RELATED: DNA privacy questioned in Victoria cold case arrest

Talbott had sisters. He was the only son.

Cold case detectives put the trucker from SeaTac under police surveillance.

A cup fell from his truck in south Seattle on May 8, 2018. Police seized it, had it tested at a crime lab and confirmed it was a match, court papers say. Dozens of stories of similar arrests have unfolded nationwide in long-unsolved cases, including one other in Snohomish County.

A rift has opened among genealogists, in the debate over whether genetic data should be freely available to police, when customers of ancestry sites might not be aware their DNA could be used to solve murder, rape and assault cases.

In recent weeks, GED match changed its policy and now requires users to “opt in,” if they’re willing to let police use their genetic data to fight crime.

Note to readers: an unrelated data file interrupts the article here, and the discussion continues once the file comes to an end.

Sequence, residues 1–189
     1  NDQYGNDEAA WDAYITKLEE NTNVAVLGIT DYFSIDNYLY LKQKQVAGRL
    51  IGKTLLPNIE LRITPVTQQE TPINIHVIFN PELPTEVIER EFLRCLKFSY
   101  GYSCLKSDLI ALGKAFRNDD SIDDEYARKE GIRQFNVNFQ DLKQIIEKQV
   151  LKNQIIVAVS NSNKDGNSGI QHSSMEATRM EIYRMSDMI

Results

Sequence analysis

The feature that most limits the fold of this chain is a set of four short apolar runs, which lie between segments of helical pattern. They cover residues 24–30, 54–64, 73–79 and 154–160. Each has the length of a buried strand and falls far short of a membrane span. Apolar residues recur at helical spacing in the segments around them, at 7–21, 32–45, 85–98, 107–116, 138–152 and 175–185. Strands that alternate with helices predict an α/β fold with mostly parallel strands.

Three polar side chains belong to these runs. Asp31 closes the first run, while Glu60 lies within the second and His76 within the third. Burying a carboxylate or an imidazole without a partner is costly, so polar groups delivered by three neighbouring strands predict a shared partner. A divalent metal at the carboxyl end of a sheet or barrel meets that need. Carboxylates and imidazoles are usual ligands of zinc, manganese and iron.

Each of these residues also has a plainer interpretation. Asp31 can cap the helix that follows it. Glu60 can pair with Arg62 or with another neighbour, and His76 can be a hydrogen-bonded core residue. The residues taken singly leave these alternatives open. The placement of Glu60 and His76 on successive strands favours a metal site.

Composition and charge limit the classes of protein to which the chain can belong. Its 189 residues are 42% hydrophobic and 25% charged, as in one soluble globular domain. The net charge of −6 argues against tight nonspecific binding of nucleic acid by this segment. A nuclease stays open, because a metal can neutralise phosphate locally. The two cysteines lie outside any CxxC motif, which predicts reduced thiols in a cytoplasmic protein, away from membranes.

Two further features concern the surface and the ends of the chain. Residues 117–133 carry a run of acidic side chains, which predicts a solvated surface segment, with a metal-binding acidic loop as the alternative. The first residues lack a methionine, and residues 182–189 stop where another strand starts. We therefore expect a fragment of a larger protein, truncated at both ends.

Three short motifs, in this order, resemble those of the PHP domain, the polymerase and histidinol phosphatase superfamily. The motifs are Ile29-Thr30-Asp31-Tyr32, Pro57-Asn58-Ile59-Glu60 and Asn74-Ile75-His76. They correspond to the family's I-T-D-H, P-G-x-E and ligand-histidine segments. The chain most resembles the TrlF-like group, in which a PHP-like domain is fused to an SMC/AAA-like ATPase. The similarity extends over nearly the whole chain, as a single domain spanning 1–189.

Other sites still allow the practice, with a notice in the terms of service.

Defense attorneys for Talbott have not filed motions arguing that the genealogy evidence is inadmissible. Prosecutors asked Friday to be notified in advance, if the technique will be challenged.

This case is expected to be the first time genetic genealogy will be put on trial.

Other defendants, like the suspected Golden State Killer, are still awaiting trial. Some suspects have pleaded guilty.

In Talbott’s trial, pretrial motions are set to be heard Friday in front of Snohomish County Superior Court Judge Linda Krese. She ruled the trial could be delayed in part because prosecutors handed over 2,369 pages of new discovery papers on May 14, and the defense hasn’t been able to read through them.

The entire case has more than 16,000 pages of discovery paperwork, deputy prosecutor Matt Baldock told the judge.

Many of those pages documented leads that turned out to be dead ends.



c.vanreeuwyk@blackpress.ca

Like us on Facebook and follow us on Twitter

Just Posted

Terrace-area gold project shows strong promise

Juggernaut Exploration hopes this year’s drilling will follow last year’s exceptional program